There is a strange little word in the Gospel reading. When the announcement of the resurrection is given to the ladies, the angel says, “Tell the disciples, AND PETER.” Peter was one of the disciples. We find out in John’s Gospel that when the women finally do tell someone, Peter is the first person they go to. So why “disciples AND PETER”? Why not just “disciples”. Sort of like saying, “Tell the Football Team, and the Quarterback”. Right. He’s on the team. Peter is a disciple. No question. Is there?
Well, Remember, when Jesus is arrested, the disciples scatter. But A couple of disciples follow. John (who is the only disciple standing near Jesus at the cross) and Peter. They follow to the High Priests house. And there Peter is questioned. Aren’t you one of that man’s disciples? “I don’t know him. I’ve never seen him in my life. That guy? Never heard of him.” Peter denies Jesus, to his face. Certainly, he can no longer be considered a disciple. Even if Jesus were alive, Jesus wouldn’t want to see peter. You can picture the conversation. “Peter, an angel said that Jesus was alive. The disciples should go to Galilee!” “Well, count me out. I’m not a disciple any more. I denied him.”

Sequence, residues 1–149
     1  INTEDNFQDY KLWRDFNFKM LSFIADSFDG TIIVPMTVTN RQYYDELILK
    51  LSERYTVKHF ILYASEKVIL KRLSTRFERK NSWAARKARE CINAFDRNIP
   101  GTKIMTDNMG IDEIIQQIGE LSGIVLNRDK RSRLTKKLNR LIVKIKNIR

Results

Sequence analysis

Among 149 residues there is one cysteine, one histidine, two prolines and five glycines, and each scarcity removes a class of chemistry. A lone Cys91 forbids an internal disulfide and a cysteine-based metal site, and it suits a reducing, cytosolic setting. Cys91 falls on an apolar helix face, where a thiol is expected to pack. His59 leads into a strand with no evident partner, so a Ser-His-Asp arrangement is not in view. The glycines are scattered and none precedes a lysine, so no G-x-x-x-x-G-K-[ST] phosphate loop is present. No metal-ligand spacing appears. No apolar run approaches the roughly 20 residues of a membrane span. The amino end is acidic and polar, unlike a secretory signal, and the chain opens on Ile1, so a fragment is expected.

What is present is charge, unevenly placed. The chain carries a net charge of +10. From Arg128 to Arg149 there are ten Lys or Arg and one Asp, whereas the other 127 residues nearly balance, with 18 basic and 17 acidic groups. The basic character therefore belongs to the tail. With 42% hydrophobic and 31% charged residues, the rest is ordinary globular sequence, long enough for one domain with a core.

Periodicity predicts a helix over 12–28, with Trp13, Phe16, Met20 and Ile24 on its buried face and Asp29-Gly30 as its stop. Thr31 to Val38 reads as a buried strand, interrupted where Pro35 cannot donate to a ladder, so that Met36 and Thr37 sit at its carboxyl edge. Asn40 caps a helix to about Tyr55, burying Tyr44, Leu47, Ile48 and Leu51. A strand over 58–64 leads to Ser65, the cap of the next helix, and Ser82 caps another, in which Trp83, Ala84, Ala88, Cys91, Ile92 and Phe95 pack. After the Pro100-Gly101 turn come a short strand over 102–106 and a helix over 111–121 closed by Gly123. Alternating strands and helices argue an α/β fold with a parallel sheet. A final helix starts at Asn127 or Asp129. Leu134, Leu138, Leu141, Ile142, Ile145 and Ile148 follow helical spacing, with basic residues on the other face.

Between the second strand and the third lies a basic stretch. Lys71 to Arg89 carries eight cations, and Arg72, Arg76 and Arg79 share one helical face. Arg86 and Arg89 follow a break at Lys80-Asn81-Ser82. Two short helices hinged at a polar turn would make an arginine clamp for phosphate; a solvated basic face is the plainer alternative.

Tell the disciples – and Peter. “Peter – he wants to see the disciples.” “Count me out.” “No! He mentioned you specifically.” The promise is good. Even for Peter.
In a few minutes and hours, the disciples will start to see Jesus. They have the now of the promise, but they have not yet seen Jesus in the flesh. In a little while our Lord will return and take us to be with him. In a little while the grave will be opened. The dead will arise. The resurrection of all flesh will be here. We have the “Now” of the resurrection of Jesus. But we have not yet seen it yet in all its fullness. The cemeteries are still full. Like the disciples, we are waiting.
We have the promise of baptism, that we are declared righteous and holy in the sight of God, that our sins are taken away, that we are pure. But for now, we still struggle with the Old Adam in us every day. We still fall each day because we are weak. We still sin. We are not there yet.
We have the promise of a new heaven and a new earth, where there will be no night, where death is no more, where there is no more mourning or crying or pain. And yet we have the failing health, the loss of loved ones, the struggles and the troubles of this world. We have the Now of salvation. But we still live in the not yet of things. It doesn’t mean that the promise is not good. The promise is good. But often it is for us as it was for the women: Trembling and fearful.